Neil hasn’t posted yet, but Hansen’s architects have put out 3 different designs for the Seattle arena. No cost estimates and some impractical things (like a 240 ft by 65 ft training facility in Option 3… no NHL rink will fit in that) but there’s pictures for fans to salivate over.

  8. When people are posturing, I’m not sure how much you can take at face-value. I do think there might be a point at which the Maloofs agree to sell; the question is whether or not Hansen is willing to make that offer.

    I think that’s where Voison’s column is flawed. It’s foolish to think the Maloofs would give us a daily update as to where the offers all stand.

    The fans here have given up. Just go to stubhub and you’ll see what I mean. Season ticket holders are having enough trouble giving tickets away. I think the Maloofs are wondering how many tickets they’ll sell next year. The answer is probably not a very large number.

    Sadly, they can’t lose. If ticket sales pick up, they win. If not, they get a new arena elsewhere and also win.

    There is room for a compromise between the Maloofs and Hansen, but only if he offers some sort of option for the Maloofs to buy more of the team back later.

  9. Mike – what you say makes sense, except for the fact that the Maloofs are dead-ass broke. Not just NBA broke, but probably functionally bankrupt. They can’t sell their last remaining semi-liquid asset, the Kings, and recoup the level of their current collective indebtedness to the league and to the City. They can’t leverage their other remaining asset (a large block of Wells Fargo stock) because their father probably understood that he sired a collection of idiot children.

    The only way for them out of the trap is if either a) someone offers them $Texas for the Kings, or b) if someone pays their freight while they get a new/renovated building gifted to them, and then attempt to sell the team for $Texas two or three years down the road. They tried this in Anaheim last year and failed. They almost had this in Sacramento, but they balked at $3M in predevelopment fees (or at least used it as an excuse) even though the league was going to front them their nut in the Railyards Arena.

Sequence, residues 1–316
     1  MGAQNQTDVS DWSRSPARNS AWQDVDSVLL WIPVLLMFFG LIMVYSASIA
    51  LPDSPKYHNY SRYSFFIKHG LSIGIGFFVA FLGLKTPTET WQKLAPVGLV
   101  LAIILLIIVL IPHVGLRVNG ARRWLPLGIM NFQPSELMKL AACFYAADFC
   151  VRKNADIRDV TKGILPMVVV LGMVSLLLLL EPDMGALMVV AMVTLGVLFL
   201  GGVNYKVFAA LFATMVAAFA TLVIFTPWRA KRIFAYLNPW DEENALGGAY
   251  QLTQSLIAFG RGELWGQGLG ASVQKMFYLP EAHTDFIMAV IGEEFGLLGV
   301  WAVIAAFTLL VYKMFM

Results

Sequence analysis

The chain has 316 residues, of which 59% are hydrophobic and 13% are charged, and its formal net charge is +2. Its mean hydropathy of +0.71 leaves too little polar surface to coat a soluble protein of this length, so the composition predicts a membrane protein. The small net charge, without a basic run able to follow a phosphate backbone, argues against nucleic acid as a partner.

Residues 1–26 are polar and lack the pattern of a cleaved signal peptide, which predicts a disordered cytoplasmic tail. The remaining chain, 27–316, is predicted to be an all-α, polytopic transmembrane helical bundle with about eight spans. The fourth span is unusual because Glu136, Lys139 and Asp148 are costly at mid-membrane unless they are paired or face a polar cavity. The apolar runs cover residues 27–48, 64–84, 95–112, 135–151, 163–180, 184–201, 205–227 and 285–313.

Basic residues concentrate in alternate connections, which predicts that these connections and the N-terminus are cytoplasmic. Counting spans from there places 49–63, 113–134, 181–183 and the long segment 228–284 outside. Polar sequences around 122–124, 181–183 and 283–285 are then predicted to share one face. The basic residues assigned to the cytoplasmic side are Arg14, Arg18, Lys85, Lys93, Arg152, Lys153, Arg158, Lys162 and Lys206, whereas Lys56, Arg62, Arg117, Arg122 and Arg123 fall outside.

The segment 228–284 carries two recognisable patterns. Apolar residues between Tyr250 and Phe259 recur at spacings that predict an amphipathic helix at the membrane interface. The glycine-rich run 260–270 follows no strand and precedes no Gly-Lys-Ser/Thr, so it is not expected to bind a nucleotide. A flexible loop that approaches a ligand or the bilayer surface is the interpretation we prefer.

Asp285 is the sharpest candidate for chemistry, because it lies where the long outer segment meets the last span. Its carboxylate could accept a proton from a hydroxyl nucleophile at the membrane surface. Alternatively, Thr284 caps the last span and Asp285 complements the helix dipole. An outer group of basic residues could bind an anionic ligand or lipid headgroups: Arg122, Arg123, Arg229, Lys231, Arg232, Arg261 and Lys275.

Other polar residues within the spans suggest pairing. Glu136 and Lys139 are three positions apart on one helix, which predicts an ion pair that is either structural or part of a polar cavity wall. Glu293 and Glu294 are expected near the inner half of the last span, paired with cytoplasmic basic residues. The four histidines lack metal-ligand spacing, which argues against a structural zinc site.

The Maloofian combination of formerly rich and incredibly stupid is an interesting one to watch. It’s a bit rough on the Kings fans around here, but watching the Maloofs stumble from PR disaster to PR disaster makes for great copy.

  10. I can’t understand why any city would want the Maloofs as partners. They screw up everything they touch and regardless of any Arena deal they will never put a winner on the court.

  11. One of the most painful ways to amass a small fortune is to start off with a large one.

    The Maloofs’ refusal to sell the team is baffling, but as the Bee has been reporting, there’s about $200M in debt against the team. If they sell the team and use the proceeds to settle that debt, I wonder if they’d even recover their initial investment. So it’s possible that even a $450M sale leaves them in the hole.

    They were insufficiently capitalized from day one. I’d blame the NBA for allowing them to buy the Kings in the first place. But I still don’t see why this should ever become the problem of any branch of government. This team should probably go the way of Hostess. The Sacramento Twinkies, if you will.

  12. I’m not going to say the Maloofs are financial wizards or have made the best business decisions, but I believe they still own nearly $400M in Wells Fargo stock and probably still have a fair amount of money from selling their distributorship. Of course they’ve also learned a harsh lesson about piling money into a sinking ship with the Palms and don’t see it as wise to invest it all in an NBA team that hasn’t been competitive for a decade.

    The reports I’ve seen are that the AEG thing fell through when their “partner” was projecting extremely high profits for the Maloofs ($160M in the first year) which probably would mean AEG and the city would be saying “wow, look at all the money you’ll be making… that’s why we charge more” during their negotiation of the finer details. When the sales man points to the brochure where everyone is in nice clothes and looks like models, you’d be wise run if they tried to say buying their car/faucet/etc would be the ticket into that lifestyle.

    I do think the BOG likes the idea of having the lowly Kings sell for a record-high price in order to boost the perceived value of all teams.